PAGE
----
Popcorn Sutton relative fights to preserve last of his North Carolina moonshine

An image of Popcorn Sutton is displayed at the launch party for Popcorn Sutton's Tennessee White Whiskey at the Marathon Building on Nov. 9, 2010, in Nashville, Tennessee. (Photo by Michael Loccisano/Getty Images)

MAGGIE VALLEY, N.C. (WLOS) — The late Popcorn Sutton left behind tall tales of moonshine in the western North Carolina mountains.

Now, another story is brewing, one involving a family relative and the courts.

There’s Sutton imagery all around Maggie Valley. A Haywood County court recently ruled his remaining jugs of moonshine must be destroyed. But, a close family member said she wants to preserve the stuff, not just for the sake of her family, but for the sake of the entire area’s heritage.

“Anywhere I go, and they ask where I’m from, I tell them Maggie Valley, Popcorn’s name first one that flies out of their mouth,” Michelle Sutton said.

Popcorn Sutton’s persona and moonshine are legendary in these parts. He died in 2009.

Michelle Sutton said he left several jugs of moonshine to her. They’ve been at the center of a legal dispute for years, and last week a judge upheld an order.

“They said they had to destroy it,” Sutton said.

She said some of the jugs are gallons, some quarts.

“I think they say 18,” she said.

Michelle Sutton said she argued to preserve them.

“I had all the reasons when I went to court last week. But I wasn’t allowed to speak to those reasons,” she said.

She’s filed a stay of destruction.

“They have it in the courthouse vault in the clerk’s office vault in the basement,” she said.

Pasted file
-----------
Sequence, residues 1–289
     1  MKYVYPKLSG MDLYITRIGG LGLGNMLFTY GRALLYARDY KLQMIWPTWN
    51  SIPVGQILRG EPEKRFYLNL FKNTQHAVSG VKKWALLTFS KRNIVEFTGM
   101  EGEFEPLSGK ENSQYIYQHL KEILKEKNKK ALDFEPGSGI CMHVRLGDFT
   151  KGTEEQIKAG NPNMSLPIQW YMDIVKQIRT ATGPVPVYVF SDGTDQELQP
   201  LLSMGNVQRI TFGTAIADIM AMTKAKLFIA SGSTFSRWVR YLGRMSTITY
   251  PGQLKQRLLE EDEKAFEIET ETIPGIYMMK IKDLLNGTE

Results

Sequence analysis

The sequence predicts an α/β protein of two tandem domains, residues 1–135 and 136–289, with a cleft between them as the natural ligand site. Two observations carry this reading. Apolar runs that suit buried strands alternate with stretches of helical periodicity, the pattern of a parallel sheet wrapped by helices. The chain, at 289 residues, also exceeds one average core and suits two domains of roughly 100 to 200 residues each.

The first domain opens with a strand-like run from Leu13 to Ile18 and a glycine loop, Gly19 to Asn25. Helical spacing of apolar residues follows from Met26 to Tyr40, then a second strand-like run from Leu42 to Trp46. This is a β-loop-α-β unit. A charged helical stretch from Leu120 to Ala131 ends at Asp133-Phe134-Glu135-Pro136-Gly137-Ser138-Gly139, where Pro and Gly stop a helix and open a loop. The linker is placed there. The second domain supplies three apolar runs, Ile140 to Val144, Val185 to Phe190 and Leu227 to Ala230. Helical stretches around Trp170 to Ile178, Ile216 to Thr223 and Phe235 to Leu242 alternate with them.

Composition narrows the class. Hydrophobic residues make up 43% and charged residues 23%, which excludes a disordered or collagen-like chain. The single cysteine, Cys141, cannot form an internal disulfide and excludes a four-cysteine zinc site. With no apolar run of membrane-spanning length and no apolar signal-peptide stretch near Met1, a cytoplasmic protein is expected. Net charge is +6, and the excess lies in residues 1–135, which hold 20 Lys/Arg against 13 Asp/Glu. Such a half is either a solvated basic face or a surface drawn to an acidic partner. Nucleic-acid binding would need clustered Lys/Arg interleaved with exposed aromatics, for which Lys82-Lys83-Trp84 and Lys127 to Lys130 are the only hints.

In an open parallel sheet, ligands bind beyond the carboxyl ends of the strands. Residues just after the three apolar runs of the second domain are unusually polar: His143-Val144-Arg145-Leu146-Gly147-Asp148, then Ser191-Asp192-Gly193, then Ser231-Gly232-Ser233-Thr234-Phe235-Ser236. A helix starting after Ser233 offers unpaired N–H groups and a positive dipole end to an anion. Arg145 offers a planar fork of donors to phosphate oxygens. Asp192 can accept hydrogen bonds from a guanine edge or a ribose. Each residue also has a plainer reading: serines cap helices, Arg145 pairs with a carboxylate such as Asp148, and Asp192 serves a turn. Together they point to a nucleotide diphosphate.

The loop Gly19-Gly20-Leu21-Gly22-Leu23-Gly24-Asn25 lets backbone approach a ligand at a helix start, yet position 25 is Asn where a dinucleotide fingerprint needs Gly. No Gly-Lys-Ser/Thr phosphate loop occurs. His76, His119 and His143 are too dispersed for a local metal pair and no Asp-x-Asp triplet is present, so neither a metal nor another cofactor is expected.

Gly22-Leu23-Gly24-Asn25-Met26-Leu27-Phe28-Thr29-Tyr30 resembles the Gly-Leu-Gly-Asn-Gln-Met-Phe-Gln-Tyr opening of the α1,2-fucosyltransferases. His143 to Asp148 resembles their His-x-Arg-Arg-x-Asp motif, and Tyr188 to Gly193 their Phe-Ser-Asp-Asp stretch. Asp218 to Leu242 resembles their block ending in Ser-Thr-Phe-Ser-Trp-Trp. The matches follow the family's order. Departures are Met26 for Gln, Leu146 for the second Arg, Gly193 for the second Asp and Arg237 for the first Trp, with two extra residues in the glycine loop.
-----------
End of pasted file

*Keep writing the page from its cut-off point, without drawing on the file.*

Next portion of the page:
She said Popcorn’s moonshine is local history and needs to be saved.

“I think he was the most infamous moonshiner that anyone knew of. There’s not a day goes by that I don’t talk about Popcorn Sutton,” said Dave Angel, who owns and operates Elevated Mountain Distilling in Maggie Valley.

“We wanted to be where there’s a story to tell that’s worth listening to and build a long-term foundation on that,” he said of locating in Maggie Valley.

Angel said Popcorn’s remaining moonshine helps to tell that story.

“If this gets poured out, that’s history you can’t put back in a bottle. So, we want to slow that process down if we can and see that we’re doing the right thing,” Angel said. “There’s the legal answer and the right answer, and sometimes they may be slightly different.”

Sutton thinks the jugs could be part of a heritage display at Waynesville’s Shelton House.

“It’s the last there is. I mean, that’s it. I mean, there’s no more,” Michelle Sutton said. “If they don’t want to give it back to me, that’s perfectly fine. But it doesn’t need to be poured out like they’re wanting to do. It needs to be put in a museum somewhere.”

In terms of the legal fight, Michelle Sutton said it’s far from the last call.